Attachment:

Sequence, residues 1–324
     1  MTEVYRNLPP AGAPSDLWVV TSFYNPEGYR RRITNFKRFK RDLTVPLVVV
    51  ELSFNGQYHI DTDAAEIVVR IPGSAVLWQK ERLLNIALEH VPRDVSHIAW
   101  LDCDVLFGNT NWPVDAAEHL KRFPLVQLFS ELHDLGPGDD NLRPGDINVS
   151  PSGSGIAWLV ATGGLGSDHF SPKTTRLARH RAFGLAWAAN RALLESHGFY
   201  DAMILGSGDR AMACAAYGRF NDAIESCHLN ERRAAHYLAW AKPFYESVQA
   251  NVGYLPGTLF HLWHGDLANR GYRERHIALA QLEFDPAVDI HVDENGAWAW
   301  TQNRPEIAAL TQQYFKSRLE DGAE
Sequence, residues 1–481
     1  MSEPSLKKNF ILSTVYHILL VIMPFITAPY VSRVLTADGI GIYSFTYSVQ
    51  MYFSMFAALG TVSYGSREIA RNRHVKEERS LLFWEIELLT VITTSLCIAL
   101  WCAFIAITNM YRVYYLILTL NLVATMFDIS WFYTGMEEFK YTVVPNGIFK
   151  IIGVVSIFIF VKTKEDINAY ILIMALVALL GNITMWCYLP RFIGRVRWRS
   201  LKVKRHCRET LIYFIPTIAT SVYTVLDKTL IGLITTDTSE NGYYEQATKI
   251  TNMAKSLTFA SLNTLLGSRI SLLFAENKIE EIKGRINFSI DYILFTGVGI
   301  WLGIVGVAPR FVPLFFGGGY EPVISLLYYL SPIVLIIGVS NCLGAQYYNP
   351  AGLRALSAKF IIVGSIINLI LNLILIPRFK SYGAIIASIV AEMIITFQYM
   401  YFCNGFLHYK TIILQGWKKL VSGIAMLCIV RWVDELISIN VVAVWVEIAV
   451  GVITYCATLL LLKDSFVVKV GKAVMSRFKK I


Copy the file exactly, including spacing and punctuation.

Sequence, residues 1–324
     1  MTEVYRNLPP AGAPSDLWVV TSFYNPEGYR RRITNFKRFK RDLTVPLVVV
    51  ELSFNGQYHI DTDAAEIVVR IPGSAVLWQK ERLLNIALEH VPRDVSHIAW
   101  LDCDVLFGNT NWPVDAAEHL KRFPLVQLFS ELHDLGPGDD NLRPGDINVS
   151  PSGSGIAWLV ATGGLGSDHF SPKTTRLARH RAFGLAWAAN RALLESHGFY
   201  DAMILGSGDR AMACAAYGRF NDAIESCHLN ERRAAHYLAW AKPFYESVQA
   251  NVGYLPGTLF HLWHGDLANR GYRERHIALA QLEFDPAVDI HVDENGAWAW
   301  TQNRPEIAAL TQQYFKSRLE DGAE
Sequence, residues 1–481
     1  MSEPSLKKNF ILSTVYHILL VIMPFITAPY VSRVLTADGI GIYSFTYSVQ
    51  MYFSMFAALG TVSYGSREIA RNRHVKEERS LLFWEIELLT VITTSLCIAL
   101  WCAFIAITNM YRVYYLILTL NLVATMFDIS WFYTGMEEFK YTVVPNGIFK
   151  IIGVVSIFIF VKTKEDINAY ILIMALVALL GNITMWCYLP RFIGRVRWRS
   201  LKVKRHCRET LIYFIPTIAT SVYTVLDKTL IGLITTDTSE NGYYEQATKI
   251  TNMAKSLTFA SLNTLLGSRI SLLFAENKIE EIKGRINFSI DYILFTGVGI
   301  WLGIVGVAPR FVPLFFGGGY EPVISLLYYL SPIVLIIGVS NCLGAQYYNP
   351  AGLRALSAKF IIVGSIINLI LNLILIPRFK SYGAIIASIV AEMIITFQYM
   401  YFCNGFLHYK TIILQGWKKL VSGIAMLCIV RWVDELISIN VVAVWVEIAV
   451  GVITYCATLL LLKDSFVVKV GKAVMSRFKK I